After the LCSD staff illegally cut the trees and killed and injured the birds at the Tai Po Market Egretry, KFBG worked closely with Agriculture, Fisheries and Conservation Department (AFCD), Society for the Prevention of Cruelty to Animals and other organisations to rescue injured birds. During the period between 6th and 15th June, KFBG staff conducted regular checks at the affected area and assisted AFCD to collect and transfer injured birds in a timely manner to the KFBG’s Wild Animal Rescue Centre.
It is very important that a similar event does not happen again so KFBG urges that the present procedures for such roadside pruning are reviewed to make sure that there is a mechanism that includes adequate supervision from LCSD management to make sure wildlife is not harmed by the tree pruning and related activities. Following standard practice related to similar situations in other countries the authorities should consider covering the footpath or closing off access to the area beneath and around the egretry during the active breeding season, this will ensure the public do not disturb the birds and also tackle public hygiene issues. Some modification to the environment below the nesting trees could be considered such as the mounting of ropes or cargo netting to ensure that those birds that do naturally fall from their nest and are strong enough could climb back to safety where the parents would continue feeding and caring for them.
What the general public can do to protect the egrets in Hong Kong?
Don’t disturb nesting egrets, and in particular do not undertake maintenance work in and around vegetation at nesting sites during the breeding season (Spring and Summer). Take on a more tolerant attitude, humans are part of nature so be in harmony with nature, respect and enjoy the 'bird's presence rather than complain about it and destroy life. Realize it is an amazing opportunity to be close to nature in our urban setting – this is something to cherish and is a unique experience in Hong Kong.
More about the conservation of Tai Po Market Egretry by the Green Hub, a centre of KFBG located near the egretry:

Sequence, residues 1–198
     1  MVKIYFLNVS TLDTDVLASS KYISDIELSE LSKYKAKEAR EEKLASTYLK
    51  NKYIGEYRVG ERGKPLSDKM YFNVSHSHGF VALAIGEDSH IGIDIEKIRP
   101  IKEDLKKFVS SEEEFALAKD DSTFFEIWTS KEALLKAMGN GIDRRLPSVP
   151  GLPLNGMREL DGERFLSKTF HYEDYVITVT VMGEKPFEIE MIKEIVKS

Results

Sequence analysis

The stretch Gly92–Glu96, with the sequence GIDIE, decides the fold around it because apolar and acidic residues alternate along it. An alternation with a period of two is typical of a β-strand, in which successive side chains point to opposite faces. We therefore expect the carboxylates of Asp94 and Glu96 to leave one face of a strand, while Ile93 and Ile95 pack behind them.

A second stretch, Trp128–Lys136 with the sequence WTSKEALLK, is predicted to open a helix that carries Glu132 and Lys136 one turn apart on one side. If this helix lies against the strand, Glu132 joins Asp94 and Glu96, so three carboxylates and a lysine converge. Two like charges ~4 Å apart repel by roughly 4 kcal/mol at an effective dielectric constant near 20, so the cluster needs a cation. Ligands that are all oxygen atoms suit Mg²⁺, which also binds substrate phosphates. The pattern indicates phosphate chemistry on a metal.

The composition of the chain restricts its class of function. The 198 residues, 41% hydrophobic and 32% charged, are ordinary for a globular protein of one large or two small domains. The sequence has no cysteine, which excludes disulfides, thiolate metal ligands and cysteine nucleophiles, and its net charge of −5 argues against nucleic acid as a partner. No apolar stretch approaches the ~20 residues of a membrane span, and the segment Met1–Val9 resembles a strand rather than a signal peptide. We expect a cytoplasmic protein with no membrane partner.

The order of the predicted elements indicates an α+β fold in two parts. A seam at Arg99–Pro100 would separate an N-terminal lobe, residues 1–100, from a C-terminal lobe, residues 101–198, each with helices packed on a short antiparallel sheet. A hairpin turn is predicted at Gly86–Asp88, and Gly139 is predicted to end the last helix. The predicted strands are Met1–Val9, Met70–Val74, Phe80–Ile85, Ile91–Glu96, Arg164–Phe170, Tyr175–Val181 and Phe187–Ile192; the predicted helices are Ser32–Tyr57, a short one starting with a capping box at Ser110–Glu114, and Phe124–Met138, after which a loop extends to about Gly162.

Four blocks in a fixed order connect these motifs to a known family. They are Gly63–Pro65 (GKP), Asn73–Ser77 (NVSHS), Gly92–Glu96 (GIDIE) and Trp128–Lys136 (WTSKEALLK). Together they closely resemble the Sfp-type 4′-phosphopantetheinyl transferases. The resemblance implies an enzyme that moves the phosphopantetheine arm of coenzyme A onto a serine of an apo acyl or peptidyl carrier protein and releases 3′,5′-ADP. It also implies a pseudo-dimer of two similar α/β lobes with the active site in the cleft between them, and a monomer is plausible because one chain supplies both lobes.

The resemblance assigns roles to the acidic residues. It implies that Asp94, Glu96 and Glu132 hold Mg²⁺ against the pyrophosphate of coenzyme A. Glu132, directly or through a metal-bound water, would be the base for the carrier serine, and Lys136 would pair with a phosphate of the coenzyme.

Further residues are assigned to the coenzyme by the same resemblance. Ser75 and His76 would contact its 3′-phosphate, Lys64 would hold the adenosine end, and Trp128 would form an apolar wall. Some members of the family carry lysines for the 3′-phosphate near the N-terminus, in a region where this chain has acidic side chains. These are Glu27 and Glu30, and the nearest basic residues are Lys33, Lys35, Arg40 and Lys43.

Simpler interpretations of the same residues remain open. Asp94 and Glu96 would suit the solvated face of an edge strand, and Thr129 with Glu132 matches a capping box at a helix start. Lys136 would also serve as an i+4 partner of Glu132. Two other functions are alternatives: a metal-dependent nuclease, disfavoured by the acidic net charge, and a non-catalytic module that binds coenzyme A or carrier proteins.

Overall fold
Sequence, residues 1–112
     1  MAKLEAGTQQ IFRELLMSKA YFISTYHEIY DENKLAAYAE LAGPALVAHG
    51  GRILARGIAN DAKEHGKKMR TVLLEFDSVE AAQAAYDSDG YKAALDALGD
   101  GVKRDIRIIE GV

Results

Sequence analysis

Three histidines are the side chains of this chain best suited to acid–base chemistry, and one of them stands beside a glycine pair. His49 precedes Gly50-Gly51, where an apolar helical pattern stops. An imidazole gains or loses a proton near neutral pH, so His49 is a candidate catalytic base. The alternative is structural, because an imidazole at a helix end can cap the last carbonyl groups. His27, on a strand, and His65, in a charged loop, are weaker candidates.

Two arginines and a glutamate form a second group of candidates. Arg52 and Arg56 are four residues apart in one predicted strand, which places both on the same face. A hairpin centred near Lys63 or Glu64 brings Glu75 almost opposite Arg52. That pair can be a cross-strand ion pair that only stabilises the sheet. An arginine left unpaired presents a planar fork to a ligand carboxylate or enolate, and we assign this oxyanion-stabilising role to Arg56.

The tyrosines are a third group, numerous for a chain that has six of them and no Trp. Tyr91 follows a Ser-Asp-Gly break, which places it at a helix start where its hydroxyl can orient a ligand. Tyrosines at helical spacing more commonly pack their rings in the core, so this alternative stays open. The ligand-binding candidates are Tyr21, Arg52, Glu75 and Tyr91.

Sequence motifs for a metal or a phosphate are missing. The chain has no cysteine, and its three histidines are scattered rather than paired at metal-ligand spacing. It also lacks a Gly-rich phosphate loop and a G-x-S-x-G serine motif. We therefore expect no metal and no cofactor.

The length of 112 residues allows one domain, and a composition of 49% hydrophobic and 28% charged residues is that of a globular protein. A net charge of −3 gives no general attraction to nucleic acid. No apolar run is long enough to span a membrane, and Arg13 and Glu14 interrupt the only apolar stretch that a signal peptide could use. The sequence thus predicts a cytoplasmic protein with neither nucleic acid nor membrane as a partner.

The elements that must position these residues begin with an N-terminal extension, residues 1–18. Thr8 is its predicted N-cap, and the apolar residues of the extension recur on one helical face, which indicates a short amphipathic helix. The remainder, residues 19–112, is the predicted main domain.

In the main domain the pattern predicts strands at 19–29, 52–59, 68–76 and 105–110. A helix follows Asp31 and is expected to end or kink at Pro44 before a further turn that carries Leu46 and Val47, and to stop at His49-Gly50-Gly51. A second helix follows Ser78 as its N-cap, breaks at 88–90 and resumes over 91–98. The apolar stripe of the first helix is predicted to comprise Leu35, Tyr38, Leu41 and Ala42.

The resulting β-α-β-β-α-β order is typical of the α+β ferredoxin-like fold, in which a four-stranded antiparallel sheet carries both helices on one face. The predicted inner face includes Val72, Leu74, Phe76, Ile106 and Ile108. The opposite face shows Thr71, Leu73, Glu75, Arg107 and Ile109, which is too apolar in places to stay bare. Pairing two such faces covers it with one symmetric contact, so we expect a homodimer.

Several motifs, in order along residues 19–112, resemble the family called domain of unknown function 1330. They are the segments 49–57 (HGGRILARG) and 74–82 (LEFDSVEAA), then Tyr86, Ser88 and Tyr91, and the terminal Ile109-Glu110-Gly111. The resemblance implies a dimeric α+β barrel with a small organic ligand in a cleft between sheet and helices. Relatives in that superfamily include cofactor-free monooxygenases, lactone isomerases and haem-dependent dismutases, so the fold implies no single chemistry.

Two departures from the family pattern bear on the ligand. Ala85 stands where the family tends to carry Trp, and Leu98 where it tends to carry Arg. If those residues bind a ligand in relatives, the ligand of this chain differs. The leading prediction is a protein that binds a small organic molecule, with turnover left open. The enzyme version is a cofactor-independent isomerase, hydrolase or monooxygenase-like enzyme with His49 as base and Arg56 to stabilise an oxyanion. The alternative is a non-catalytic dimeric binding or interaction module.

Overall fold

The ecological sensitivity of the Tai Po Market Egretry has been taken into account since the Green Hub project planning stage began in 2010. During the building renovation work period from 2013 to 2015, a protective ‘bird curtain’ was set up alongside the walking path at the northern side of the project site to reduce disturbance the birds. Work of high disturbance, such as roof renovation and noisy works, were avoided at the northern side of the project site during the egret breeding season from March to August. An ecologist was appointed to conduct a weekly field survey to monitor the egretry throughout the renovation period. Before the Green Hub commenced service in 2015, a bird screen was set up along the walking path at the northern side of the project site to reduce disturbance to wild birds. Access to this walking path is always under control and visitors are prohibited from the walking path unless accompanied by Green Hub staff.
Three Little Egrets are ready to be released
Two Little Egrets take the lead to soar high
The last Little Egret stands on the rock to say goodbye to the staff of Fauna Conservation Department
Right: Dr Gary Ades, Head of Fauna Conservation Department, KFBG
Left: Ms Tamari Yu, Conservation Officer, Fauna Conservation Department, KFBG